The End of the Short Story

No Non-cents Nanna writes MORE Nanna Details, of course:

Let’s explore the idea that all Toddlers and Puppies do have at least 3 basic things in common.


1. Babies and Puppies LEAK!..a lot!

All infants needs time to develpe the muscle skill to control bowls adn bladder befroe attempting to potty train.

  • All Toddlers and Puppies have to be potty trained when their spinal cord and muscles is developed suffciently enough..not before.
  • Yes, Amber misses the puddle pad by 2 or 3 inches. ( She is still a baby. We have had her for almost 5 days as I type this.)
  • Yes, Amber LEAKS! She does not make it all the way out side before she leaks.
  • Yes! I am disappointed and some what minor horror at ahving to clean up poop when Amber misses the mark. But that is life. We keep going towards the goal without fan fare.
  • In the time it took me to write this post Amber has pooped outside 3 times and once on the puddle pad; pee’d outside 6 times and still managed to make a puddle in the hall and once in the kitchen. And on her 3rd cat nap. That means I have stopped my writing this blog many times to attend to priorities for training this puppy.
  • When Amber potties outside she gets reinforced by a big cheer / happy potty dance from Big Nanna




2. English Spoken Here: learning to communicate in the same language.

Communication in the same language is the key to getting children or puppies to behae in the way we wnat them to. Third oldest grand child at age 2.

Just like our human babies, puppies don’t understand a word we say until we learn the same language. Both infants and puppies will learn what ever language when we speak consisitent words from shear repitition within the context of behavior.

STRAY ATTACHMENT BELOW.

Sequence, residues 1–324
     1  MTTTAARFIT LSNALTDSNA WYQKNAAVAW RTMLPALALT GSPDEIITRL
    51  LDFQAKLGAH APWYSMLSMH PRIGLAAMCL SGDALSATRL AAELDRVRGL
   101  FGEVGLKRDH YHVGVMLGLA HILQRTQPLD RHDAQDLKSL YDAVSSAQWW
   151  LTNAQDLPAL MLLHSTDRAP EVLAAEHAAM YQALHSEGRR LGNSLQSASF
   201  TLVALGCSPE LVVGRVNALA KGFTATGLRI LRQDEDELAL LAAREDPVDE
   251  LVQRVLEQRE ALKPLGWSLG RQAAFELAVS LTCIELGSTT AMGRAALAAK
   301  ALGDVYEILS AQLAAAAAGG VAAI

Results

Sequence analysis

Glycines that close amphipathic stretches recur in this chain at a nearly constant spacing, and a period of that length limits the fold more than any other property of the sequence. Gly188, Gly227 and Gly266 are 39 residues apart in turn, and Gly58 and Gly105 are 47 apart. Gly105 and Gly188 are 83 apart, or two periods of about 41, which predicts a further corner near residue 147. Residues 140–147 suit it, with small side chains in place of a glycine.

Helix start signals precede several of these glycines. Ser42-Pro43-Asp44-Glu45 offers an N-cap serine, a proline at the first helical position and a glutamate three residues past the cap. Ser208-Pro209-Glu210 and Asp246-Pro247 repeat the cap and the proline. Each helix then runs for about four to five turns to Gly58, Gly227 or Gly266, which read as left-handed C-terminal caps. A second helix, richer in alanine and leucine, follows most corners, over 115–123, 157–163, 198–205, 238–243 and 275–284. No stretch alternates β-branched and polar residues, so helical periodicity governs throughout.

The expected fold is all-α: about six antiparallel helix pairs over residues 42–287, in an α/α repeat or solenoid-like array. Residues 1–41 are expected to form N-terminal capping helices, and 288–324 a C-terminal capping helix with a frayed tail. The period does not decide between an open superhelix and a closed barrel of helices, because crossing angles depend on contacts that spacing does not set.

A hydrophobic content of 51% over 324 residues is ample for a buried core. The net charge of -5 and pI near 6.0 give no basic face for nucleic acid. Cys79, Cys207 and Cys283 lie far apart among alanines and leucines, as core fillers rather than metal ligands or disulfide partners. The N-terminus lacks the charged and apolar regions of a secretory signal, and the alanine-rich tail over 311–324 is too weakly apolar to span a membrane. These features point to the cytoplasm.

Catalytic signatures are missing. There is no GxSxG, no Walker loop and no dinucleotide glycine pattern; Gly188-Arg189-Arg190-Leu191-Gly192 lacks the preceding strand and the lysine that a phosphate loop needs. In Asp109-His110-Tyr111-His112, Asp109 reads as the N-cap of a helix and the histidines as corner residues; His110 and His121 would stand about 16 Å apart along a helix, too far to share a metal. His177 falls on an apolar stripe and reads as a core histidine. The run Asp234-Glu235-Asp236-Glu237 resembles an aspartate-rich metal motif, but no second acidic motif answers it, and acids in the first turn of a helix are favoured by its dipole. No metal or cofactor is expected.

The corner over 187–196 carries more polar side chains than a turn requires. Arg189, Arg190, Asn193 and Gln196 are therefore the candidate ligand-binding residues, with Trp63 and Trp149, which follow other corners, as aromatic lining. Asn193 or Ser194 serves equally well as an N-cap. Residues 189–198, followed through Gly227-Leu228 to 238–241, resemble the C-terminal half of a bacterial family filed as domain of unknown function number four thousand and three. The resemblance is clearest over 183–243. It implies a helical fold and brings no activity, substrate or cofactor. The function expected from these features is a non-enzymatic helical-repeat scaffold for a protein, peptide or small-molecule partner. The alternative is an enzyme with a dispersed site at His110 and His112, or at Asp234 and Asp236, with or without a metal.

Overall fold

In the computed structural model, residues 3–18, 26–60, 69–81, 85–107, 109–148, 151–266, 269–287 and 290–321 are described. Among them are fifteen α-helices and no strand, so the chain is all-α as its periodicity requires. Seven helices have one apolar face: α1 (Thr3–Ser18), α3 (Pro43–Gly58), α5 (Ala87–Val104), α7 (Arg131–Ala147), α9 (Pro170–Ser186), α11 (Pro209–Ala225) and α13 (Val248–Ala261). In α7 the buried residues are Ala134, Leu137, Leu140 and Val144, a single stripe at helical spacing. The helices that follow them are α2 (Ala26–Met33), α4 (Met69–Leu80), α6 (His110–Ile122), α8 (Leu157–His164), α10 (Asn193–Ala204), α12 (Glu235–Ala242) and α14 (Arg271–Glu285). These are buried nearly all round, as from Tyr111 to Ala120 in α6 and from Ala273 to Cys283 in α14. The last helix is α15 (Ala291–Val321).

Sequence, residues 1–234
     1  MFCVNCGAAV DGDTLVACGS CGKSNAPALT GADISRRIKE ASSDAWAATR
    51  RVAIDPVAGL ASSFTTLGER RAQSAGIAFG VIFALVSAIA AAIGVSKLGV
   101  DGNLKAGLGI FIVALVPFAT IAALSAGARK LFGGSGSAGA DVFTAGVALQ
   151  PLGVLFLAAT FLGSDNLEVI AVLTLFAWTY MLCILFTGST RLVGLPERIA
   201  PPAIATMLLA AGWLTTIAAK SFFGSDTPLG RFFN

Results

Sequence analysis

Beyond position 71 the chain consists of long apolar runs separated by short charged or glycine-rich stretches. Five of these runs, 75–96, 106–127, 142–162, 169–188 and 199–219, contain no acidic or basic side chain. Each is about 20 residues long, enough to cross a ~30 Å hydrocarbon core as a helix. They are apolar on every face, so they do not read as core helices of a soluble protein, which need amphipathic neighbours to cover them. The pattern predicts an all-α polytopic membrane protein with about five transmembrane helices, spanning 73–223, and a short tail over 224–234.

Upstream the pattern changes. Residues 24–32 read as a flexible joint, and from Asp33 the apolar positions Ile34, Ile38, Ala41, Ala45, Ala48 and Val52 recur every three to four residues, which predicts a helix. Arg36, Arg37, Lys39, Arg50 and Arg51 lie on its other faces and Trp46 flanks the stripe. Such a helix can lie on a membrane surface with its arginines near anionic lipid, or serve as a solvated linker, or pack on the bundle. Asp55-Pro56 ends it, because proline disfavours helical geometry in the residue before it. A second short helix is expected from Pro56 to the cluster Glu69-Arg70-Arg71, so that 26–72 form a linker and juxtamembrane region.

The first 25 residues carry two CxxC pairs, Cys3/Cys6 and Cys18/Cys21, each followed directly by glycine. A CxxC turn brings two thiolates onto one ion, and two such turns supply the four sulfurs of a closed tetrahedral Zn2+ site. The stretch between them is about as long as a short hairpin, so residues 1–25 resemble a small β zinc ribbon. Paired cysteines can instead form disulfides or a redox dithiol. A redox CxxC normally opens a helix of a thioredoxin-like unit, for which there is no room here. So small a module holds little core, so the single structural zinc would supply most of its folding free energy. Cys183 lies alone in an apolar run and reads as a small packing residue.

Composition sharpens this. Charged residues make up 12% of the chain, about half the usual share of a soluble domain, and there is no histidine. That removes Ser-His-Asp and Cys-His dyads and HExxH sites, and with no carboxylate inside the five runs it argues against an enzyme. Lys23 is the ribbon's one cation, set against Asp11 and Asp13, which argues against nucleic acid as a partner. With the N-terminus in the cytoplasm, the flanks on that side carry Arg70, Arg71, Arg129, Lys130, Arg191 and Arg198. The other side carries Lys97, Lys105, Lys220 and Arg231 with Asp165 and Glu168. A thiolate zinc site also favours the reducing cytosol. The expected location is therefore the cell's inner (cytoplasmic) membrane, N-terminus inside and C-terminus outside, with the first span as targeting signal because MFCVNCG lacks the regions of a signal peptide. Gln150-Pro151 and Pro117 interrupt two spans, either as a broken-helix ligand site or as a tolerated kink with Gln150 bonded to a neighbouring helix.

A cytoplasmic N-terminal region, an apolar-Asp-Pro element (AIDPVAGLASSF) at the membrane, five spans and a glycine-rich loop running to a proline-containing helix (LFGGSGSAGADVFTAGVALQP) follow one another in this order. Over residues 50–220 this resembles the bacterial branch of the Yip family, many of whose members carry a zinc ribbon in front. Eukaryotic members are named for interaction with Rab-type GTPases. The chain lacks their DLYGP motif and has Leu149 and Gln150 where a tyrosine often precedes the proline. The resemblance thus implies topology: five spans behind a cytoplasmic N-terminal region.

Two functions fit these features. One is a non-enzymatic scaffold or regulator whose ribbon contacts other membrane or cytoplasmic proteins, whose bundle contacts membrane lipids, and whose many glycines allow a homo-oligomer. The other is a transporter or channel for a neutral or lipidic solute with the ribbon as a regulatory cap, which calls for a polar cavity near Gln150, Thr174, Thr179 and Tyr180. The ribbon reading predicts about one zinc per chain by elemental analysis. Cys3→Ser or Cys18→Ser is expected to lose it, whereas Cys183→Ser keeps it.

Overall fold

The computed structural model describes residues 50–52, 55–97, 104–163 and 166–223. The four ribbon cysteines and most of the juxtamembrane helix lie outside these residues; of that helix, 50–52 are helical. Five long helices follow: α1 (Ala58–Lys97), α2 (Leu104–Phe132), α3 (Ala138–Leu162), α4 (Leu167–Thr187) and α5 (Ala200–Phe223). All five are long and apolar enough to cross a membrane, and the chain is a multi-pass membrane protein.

• I watch for cues to use the specifc words the puppy needs to know. An example would be to say POTTY when we see her squat and pee.. When she does her business outside I do the happy potty dance. ( No, I don’t care what the neighbors think. I’m training the dog!)
  • When I put the lease on to walk the dog and she hears the sounds of the door ,eventually she will associate that I am taking her POTTY. I avoid getting excited about using the word POTTY (sh-h-hh-) until we get to the grassy area where I want her “go”.
  • We have a HUGE challenge. The hallway in our building to get outside is oer 130 of my steps. Therefore, we use a few puddle pads inside. I really watch Amber’s cues, but I’v old. I move pretty slow. When I see her start to squat, I teach her the cue POTTY. I get up to re-direct her to her PUDDLE PAD. “POTTY. Potty on the PUDDLE PAD.”
  • When Amber is able to control her muscles well she will have already learned the cue for POTTY.

Potty training toddlers or puppies takes firm consistency on the grown-ups part.


  • It is my job to teach Amber to understand cues in English. Because she is chosen to be a service-dog, eventually. We want to not mess up early on having to undo bad habits.. My focus, for now is training Amber consitently. She is my priority.

I had relevant flashback to when I taught 3 to 5 year old foreign students to understand English at a Korean Baptist day care.The first 2 days on the job I kept trying to get twelve 3 and 4 year old non-English speaking students to be quiet by saying SH-h-h-h!

 Everytime I said Sh-h-h-h 8 littlle boys weere wetting their pants as they made a mad sash off to the bathroom.


These 3 year old’s understood NOT a word in English. These children had litterally gotten off the airplanes from Korea, China, Japan and India.. They had not heard English spoken before.

On the 3rd day, the manager of the day care, a Korean woman, told me that when oriental mothers are potty training the boys they will say S-h-h-h-h to cue the boys to aim and pee in the toilet.

Uh-oh! My bad communication! 

It  was I who made them pee on demand. I was mis-communicating something i had not intended..

As smart as our new family member, Amber is, she is a dog who does not speak English. I have to teach her the words or postive sounds  I want her to respond to. She does not understand my Engolish, yet.